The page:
Shutting down another of the viable avenues for writers and readers to connect is also bad.
This paragraph really stands out in the article:
Publishers said with Borders gone, they would plan for smaller print runs and shipments. Employees at major publishing houses worried that layoffs could be imminent, as many companies have dedicated staff members that work only with Borders.
One of my friends back in Oregon used to work for Borders. At one time, the climate there in the store was pretty good: staff had some autonomy and control, and they worked hard to encourage writers to drop by and give readings and sign books. They did a lot of community outreach in Portland, a place that's crazy about books anyway, and the people there were receptive.
But the tides turned and Borders suffered from the same corporate malaise that seems typical of many floundering companies. My friend went on to greener pastures at a different bookstore.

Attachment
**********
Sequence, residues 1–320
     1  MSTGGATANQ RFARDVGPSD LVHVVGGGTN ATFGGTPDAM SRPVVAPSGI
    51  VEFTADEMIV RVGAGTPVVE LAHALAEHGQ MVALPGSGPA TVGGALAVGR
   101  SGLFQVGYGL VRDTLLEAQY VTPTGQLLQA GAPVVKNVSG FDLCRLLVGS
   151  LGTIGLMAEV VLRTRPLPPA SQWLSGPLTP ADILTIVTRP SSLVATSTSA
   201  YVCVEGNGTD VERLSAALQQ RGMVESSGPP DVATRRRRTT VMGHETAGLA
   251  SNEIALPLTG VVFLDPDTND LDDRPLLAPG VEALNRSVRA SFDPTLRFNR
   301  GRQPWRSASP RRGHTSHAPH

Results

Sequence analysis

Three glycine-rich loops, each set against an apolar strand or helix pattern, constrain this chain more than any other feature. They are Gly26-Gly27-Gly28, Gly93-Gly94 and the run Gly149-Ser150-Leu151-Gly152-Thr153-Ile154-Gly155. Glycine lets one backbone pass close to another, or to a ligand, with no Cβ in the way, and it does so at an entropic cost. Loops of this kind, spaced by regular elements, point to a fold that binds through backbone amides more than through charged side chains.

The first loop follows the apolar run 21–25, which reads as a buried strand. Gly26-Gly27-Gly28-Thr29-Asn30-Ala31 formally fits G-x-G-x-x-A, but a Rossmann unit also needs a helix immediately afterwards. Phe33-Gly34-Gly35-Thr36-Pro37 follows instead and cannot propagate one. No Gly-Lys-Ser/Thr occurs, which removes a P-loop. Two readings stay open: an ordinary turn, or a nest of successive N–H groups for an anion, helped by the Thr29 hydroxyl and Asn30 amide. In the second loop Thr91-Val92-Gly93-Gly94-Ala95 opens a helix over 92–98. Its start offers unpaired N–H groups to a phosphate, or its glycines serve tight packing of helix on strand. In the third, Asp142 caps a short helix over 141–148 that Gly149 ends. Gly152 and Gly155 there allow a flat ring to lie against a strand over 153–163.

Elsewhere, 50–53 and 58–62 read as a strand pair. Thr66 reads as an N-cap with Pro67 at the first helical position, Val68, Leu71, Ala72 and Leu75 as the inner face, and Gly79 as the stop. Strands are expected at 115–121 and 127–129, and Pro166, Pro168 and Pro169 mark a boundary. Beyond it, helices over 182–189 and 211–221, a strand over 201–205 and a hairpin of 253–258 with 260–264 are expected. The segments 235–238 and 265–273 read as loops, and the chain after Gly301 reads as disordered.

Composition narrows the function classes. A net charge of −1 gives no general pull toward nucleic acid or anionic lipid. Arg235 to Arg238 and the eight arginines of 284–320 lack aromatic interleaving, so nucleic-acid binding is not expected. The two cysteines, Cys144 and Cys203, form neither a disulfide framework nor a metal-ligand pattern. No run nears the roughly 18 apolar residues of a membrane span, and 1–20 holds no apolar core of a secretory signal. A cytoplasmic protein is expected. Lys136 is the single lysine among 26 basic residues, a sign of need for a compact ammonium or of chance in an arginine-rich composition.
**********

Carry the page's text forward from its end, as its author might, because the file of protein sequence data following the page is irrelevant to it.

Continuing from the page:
It's a sad day for the world of letters. Here's to hoping Books-A-Million and Barnes & Noble step up to fill the void left by the chains, and that our great independent shops see some business funneled their way as a result of this news.
Probably need to go hit the Bookmark, in Atlantic Beach tomorrow, just to pick up a title. If anyone has a suggestion for a quick beach read (dark speculative fiction, preferably), I'd love some tips...